Roberto Leon / NBC News
By Mary Murray, NBC News Producer
HAVANA, Cuba – Imagine having the right to get a passport, but not
having the right to get it stamped.
That's been the de facto policy in Cuba for half a century where people
are basically barred from packing their bags to take a trip abroad just
Under the current policy, any Cuban wanting to travel abroad needs
permission to leave the country, a process that many find not only
demeaning, but expensive. Any request can be turned down, often without
the applicant learning the reason why, but always after paying $150 to
process the paperwork requesting the exit permit.
Between the cost of the passport and other documents, Cuban travelers
abroad pay close to $400 – not counting airfare. Those costs make travel
out of reach for most Cubans who, on average, bring home about $20 a
month. (Cubans get by on such paltry incomes thanks to subsidized rent
and groceries, free education and health care, as well as remittances
from relatives living abroad)
But, like other restrictions that have defined Cuban society for far too
long, this seems destined for the island's dustbin as reform-minded
President Raul Castro streamlines his government's invasive bureaucracy.
On Monday, Cuba's congress agreed to "study a policy" that would ease
the bureaucratic obstacles that keep Cubans from traveling. Castro's aim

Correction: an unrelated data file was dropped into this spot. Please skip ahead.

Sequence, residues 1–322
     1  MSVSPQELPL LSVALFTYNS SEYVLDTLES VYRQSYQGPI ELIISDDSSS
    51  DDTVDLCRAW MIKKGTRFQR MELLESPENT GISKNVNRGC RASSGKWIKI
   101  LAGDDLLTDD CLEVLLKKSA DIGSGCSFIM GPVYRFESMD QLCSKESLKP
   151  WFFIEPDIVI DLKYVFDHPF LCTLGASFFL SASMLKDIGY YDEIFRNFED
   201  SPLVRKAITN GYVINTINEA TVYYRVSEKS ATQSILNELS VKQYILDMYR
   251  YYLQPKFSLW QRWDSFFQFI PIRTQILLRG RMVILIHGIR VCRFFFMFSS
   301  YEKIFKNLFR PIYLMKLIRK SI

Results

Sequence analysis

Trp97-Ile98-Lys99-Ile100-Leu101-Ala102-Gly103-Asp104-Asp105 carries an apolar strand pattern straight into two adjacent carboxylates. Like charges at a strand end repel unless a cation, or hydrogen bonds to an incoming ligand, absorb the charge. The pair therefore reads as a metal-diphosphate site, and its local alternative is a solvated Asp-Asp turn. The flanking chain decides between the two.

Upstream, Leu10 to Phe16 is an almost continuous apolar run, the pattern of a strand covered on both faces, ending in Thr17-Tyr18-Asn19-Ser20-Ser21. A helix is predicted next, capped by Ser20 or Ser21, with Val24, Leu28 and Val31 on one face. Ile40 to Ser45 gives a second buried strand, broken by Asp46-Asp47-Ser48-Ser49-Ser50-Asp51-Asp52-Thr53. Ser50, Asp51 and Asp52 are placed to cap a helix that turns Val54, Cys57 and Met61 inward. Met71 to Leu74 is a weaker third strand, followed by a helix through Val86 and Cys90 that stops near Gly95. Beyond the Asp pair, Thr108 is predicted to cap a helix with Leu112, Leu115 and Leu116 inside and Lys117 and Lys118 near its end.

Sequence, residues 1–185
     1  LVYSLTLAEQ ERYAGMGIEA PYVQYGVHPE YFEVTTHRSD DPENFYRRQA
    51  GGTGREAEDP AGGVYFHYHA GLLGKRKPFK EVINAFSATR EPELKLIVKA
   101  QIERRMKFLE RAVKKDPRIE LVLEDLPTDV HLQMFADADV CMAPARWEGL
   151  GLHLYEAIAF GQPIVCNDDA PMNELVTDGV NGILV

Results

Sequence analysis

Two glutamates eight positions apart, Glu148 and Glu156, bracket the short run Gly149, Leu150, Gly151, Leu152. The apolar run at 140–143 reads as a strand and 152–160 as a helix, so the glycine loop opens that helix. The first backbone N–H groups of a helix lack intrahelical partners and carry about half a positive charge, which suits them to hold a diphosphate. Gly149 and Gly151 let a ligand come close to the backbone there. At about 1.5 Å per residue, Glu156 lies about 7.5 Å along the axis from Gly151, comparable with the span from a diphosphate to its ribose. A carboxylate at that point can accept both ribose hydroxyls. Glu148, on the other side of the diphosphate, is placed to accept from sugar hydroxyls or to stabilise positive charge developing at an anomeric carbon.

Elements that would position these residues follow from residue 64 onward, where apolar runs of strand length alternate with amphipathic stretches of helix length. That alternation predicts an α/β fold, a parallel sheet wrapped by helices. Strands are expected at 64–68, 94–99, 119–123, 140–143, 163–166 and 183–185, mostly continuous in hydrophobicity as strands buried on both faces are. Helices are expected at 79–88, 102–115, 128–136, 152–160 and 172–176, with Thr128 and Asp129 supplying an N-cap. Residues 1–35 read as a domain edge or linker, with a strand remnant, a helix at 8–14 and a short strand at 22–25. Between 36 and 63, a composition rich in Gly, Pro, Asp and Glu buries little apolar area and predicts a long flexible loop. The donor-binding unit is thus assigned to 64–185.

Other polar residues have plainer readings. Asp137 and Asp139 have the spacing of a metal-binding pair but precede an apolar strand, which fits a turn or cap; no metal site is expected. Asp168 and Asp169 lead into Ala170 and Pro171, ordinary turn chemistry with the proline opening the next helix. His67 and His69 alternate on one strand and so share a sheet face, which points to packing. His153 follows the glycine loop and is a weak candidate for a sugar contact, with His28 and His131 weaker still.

is to limit government meddling, while cutting costs to salvage the
bankrupt national treasury.
Most people on the island seem to think along the same lines as
25-year-old Nuvia Centeno, who runs a telephone switchboard in the Cuban
capital. She's delighted by the proposed change, and doesn't care much
why the government is dumping the travel ban.
The right to travel "seems like something basic, something people in
other countries take for granted," she said.
Havana TV repairman Alejandro Blas, 58, agreed. "For 50 years, we've had
this myth – the whole world can come here, but we can't go there…What
are we afraid of? What is the government afraid of? That people stay
abroad and don't come back? Who cares!"
Rodney Martinez, 35, earns a good living driving tourists around Havana
in a three-wheeled bright yellow taxi-scooter called a "Coco-Taxi"
because it resembles a big coconut. "I see kids from all over the world
coming here on vacation, so why shouldn't I be able to go to wherever my
money can take me? I'd love to visit Europe, Italy, Spain."
It's not clear when the rules will be altered. A document on some 300
proposed reforms released this week by Cuba's ruling Communist Party
states: "Study a policy that allows Cubans living in the country to
travel abroad as tourists."
That vague statement though was enough to get the TV repairman Blas
envisioning what foreign destination he would fly to. "I've been to
Africa twice as a soldier, but I never really wanted to go there. I want
to go to Mexico to see the Aztec ruins and to the Sahara Desert and to
the United States and to all the countries in Latin America. That's to
say, that's where I'd go if I had the money."
While that remains the big "if" for most Cubans, long-time Cuba expert
Phil Peters argues it's important just to be able to dream.
"Some can afford it, many cannot, and many would have airfare paid by
relatives abroad. What would matter most is that the government would no
longer be restricting the exercise of a basic human right," said Peters
from the Lexington Institute, a Virginia-based think-tank. "That would
be a big step forward."